The buckle on the baby stroller clicked into place, and from the corner of my eye I noticed a very large man moving fast towards me and the kids. I panicked.
Alone in the Oakland, California airport with two small children, I was just trying to get there from here. Why was he running towards me? I stood up and faced him. He slowed and stopped at the carriage. He looked at my small son. He looked at me.
And this big man quietly told me a little story.
He lived in Oakland, but on the wrong side. He had been involved in gangs, drugs and enough crime to satisfy both. Back then, he didn’t want to change. He had nothing else. He couldn’t see anything else, and plus he had status, so he was ok with his life.
But, he also had a little brother with Down syndrome who never let him alone. His brother asked all the time where he was going, what he was doing, when he was coming home. He wanted to come along. But the man knew better than that.
The younger boy learned, probably from their mom or sister, what drugs were. The boy knew they were no good, that they made people act crazy and fight with one another. Maybe it was the fiftieth time or the hundredth time, but one day his brother wrapped his arms around his big neck, stared him in the eye and pleaded with him to stop going out and doing drugs and bad things. He begged him not to go.
And that day something happened.
His brother’s eyes saw deep into his own heart. There was no barrier, no layer, no front, no veil between his heart and his brother’s heart. The brothers were one and they were communicating. The man heard the words, but more than that, he felt them. He felt the love. He felt the understanding. He felt the compassion and acceptance. He felt seen. No one had ever given him all those things at the very same moment. Not his mother, certainly not his father. Not his gang brothers, not even his girlfriend.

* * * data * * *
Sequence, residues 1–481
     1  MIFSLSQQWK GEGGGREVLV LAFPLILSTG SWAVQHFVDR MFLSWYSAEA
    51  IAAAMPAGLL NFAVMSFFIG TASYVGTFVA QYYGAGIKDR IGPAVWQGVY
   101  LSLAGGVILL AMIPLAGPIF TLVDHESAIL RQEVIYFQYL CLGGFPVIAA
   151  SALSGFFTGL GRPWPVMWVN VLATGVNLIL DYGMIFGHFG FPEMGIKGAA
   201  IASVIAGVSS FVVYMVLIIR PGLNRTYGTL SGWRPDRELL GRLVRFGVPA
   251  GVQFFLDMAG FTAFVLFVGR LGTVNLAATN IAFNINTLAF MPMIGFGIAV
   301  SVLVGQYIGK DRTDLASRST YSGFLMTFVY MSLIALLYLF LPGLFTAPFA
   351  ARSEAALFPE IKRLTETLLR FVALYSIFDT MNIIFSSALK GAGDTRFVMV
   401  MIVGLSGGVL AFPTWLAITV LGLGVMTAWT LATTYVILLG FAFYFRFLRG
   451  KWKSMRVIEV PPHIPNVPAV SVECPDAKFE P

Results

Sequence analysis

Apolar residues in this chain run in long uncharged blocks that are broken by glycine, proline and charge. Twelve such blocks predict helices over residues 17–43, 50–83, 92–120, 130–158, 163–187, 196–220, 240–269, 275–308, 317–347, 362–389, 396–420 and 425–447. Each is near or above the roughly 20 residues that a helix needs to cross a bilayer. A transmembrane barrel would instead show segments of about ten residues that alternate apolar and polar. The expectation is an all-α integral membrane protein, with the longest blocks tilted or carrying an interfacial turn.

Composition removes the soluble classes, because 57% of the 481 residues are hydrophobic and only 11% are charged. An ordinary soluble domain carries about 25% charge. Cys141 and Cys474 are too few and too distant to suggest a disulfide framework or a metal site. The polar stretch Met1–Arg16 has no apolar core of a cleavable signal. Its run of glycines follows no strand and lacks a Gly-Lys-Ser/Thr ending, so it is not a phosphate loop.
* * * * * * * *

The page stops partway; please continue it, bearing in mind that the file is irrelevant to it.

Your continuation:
Despite the unknown. Despite the fear. Despite everything he knew, he made the choice right then and there to honor what he felt, to honor what his brother had shown him and given to him in that moment.
It took time and it was hard, but he never looked back.
So, that day he saw me at the airport. He saw my son and couldn’t stop himself from running over to me to tell me how lucky I was to have a baby with Down syndrome. He told me how this boy would change my life too, and how he would not be the man he was today—he would probably not be alive—without his Down syndrome brother.
I think there was mention of angels and lucky charms, but at the time I’m not sure I truly understood what he was saying.
It is twelve years later. I’m beginning to understand. Something special has happened to me. It is masked by what seems like a problem, even a tragedy, to some.
Now I am looking closer, looking underneath, behind, and through so that I can tell the rest of you about what it’s really like to have a Down syndrome person in your life. My intention is to take this beyond acceptance and inclusion.
I am asking everyone to consider that Down syndrome people may have something fundamental to teach us about the art of being human.
Because here’s the thing. What happened to the man in Oakland is happening all over the world. Down syndrome people are everywhere. They are changing hearts and minds everywhere.
And aren’t they just exactly what we need right now?